Brooklyn Artist’s Illuminated Manuscript Honors Dante

Courtesy of Facsimile Finder

Artist George Cochrane at work on his illuminated Dante manuscript.

For seven years, Brooklyn artist George Cochrane has worked on a contemporary illuminated manuscript of Dante’s Divine Comedy—all 350,000 characters of the epic poem, plus illustrations, in the original Italian.

Courtesy of Facsimile Finder

A completed page from the manuscript, with one of Cochrane's brushes.

“I stand in awe at the work it has taken to get to this point,” writes Giovanni Scorcioni, his collaborator in publishing a deluxe limited edition of the final product.

Scorcioni is the founder and owner of Facsimile Finder, a company in Italy that sells facsimiles of medieval manuscripts. In 2016, he met Cochrane and learned about his daunting work-in-progress. “George was an artist on a life mission. He also had an intense passion for Dante and the Divine Comedy, similar to that of my fellow Italians,” writes Scorcioni. Cochrane was hopeful that Facsimile Finder would publish the manuscript he intended to complete. Primarily a bookseller and not a publisher, Scorcioni was ambivalent, but Cochrane’s devotion won him over.

Cochrane had previously worked on a hand-lettered and illuminated letterpress edition of Inferno with Thornwillow Press, so he understood the nature of the meticulous work. According to Scorcioni, the artist “kept to a rigid schedule like a medieval monk,” while the team at Facsimile Finder began planning for publication in 2021 when Italy would be commemorating the 700th anniversary of Dante’s death.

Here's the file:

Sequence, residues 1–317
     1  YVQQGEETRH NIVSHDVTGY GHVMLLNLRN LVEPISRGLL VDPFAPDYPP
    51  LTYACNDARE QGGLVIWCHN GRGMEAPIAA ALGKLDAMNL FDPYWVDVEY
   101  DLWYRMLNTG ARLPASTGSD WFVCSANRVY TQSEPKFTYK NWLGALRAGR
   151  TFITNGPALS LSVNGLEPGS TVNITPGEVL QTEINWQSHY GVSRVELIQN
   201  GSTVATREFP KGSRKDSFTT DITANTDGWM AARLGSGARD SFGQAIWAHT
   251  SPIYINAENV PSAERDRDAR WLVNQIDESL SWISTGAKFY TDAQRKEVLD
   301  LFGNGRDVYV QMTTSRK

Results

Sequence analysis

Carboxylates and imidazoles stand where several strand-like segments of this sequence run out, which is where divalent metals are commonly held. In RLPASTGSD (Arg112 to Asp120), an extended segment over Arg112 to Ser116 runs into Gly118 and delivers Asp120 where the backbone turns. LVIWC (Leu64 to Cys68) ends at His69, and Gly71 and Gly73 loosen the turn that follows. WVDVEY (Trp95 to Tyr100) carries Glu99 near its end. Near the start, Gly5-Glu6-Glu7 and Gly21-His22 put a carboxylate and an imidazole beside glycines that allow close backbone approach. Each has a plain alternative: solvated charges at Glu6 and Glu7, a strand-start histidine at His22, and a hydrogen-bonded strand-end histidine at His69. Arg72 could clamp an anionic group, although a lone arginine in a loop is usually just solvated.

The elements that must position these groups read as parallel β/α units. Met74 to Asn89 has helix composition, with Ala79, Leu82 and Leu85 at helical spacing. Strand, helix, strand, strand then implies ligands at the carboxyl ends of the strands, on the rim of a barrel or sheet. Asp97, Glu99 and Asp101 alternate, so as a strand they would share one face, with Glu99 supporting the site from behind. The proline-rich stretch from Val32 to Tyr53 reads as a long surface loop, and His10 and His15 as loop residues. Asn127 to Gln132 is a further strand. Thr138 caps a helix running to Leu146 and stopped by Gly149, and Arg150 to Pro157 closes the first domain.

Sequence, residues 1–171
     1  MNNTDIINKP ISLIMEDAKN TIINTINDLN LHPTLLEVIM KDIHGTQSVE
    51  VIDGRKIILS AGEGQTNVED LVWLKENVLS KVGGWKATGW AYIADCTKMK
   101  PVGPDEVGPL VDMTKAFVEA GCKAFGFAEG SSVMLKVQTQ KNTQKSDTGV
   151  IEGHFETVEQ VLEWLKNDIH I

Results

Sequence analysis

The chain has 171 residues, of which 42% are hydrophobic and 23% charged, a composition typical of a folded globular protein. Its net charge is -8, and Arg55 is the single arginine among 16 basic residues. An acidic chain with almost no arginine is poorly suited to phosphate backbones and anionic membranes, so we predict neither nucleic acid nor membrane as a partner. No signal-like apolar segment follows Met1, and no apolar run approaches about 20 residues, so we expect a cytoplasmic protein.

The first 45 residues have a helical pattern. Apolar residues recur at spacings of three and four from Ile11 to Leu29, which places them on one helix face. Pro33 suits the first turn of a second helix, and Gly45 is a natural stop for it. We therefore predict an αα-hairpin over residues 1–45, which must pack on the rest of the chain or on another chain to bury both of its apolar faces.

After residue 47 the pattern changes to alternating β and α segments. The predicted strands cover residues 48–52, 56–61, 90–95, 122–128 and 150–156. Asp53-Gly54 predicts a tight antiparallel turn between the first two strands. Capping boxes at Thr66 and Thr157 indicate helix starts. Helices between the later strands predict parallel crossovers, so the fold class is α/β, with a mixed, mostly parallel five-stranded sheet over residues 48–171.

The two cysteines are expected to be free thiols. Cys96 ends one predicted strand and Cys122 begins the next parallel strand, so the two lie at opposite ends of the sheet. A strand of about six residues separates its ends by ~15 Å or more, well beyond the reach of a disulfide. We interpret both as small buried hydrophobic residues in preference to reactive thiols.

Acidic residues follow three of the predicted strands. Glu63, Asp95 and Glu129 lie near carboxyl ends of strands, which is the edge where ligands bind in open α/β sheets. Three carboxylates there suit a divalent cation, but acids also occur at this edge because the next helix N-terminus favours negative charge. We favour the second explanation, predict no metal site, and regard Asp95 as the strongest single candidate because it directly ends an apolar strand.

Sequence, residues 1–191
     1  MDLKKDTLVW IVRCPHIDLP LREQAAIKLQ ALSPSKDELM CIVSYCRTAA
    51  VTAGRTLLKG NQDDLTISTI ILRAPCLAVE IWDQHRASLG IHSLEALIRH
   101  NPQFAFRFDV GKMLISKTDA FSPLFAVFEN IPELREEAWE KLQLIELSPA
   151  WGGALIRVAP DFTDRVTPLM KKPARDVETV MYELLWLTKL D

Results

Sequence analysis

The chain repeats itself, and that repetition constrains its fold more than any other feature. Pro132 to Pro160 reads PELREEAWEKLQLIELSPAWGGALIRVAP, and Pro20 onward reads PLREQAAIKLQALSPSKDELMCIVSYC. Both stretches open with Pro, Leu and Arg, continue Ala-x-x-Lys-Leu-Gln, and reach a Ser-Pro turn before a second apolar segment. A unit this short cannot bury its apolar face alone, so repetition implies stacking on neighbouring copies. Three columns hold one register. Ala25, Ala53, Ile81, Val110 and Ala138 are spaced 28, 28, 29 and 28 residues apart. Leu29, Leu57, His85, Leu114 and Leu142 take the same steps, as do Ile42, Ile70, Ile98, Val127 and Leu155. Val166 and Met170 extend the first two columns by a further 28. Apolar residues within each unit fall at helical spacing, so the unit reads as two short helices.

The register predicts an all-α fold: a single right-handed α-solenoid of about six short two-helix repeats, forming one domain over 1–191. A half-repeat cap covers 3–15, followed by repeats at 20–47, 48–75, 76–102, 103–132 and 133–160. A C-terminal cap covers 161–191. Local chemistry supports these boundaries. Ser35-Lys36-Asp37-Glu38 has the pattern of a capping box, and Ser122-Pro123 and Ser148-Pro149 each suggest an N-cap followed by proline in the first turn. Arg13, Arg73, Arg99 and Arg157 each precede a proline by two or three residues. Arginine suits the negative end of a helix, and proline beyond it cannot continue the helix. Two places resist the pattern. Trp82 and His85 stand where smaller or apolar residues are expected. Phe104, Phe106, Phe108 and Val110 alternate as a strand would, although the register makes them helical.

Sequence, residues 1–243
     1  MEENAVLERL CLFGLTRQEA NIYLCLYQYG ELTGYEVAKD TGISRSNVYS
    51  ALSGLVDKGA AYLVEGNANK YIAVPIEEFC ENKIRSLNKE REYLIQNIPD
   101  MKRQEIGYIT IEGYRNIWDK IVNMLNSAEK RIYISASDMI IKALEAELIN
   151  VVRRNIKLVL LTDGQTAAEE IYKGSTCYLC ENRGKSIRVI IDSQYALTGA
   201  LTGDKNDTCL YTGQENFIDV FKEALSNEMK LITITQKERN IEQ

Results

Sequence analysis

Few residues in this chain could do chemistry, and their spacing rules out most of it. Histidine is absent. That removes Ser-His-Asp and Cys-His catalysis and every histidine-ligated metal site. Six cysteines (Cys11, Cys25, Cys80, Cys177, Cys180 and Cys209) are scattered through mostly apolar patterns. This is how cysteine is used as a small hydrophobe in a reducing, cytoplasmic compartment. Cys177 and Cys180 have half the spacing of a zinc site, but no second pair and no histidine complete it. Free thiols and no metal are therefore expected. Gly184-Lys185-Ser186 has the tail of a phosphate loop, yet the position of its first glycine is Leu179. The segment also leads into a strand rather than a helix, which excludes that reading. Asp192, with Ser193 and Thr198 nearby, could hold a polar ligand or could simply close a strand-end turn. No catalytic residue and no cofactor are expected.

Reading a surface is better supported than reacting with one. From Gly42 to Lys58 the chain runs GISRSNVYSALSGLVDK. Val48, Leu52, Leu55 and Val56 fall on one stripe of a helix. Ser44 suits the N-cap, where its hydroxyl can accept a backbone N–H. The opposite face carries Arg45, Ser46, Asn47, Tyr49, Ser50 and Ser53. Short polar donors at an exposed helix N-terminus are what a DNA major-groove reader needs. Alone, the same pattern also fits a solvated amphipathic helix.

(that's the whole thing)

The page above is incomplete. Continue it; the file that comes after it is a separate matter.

Courtesy of Facsimile Finder

A prototype of the edition being produced by Facsimile Finder.

In mid-March they took the project to Kickstarter, where it was fully funded in less than six minutes. They offered four different editions, as well as related artwork, starting at $80. Two backers chose the Empyrean Edition at $10,000; Cochrane wrote to supporters on March 16, “as far as we know that's the SINGLE MOST EXPENSIVE BOOK ever offered on Kickstarter.”

Although they have already raised more than $260,000, the pledge page remains open, so there’s still a chance to participate. The books will be printed in Italy and San Marino.

“For me and my team, we have ventured out to try and publish our very first volume,” writes Scorcioni. “It has truly been a journey like none other.”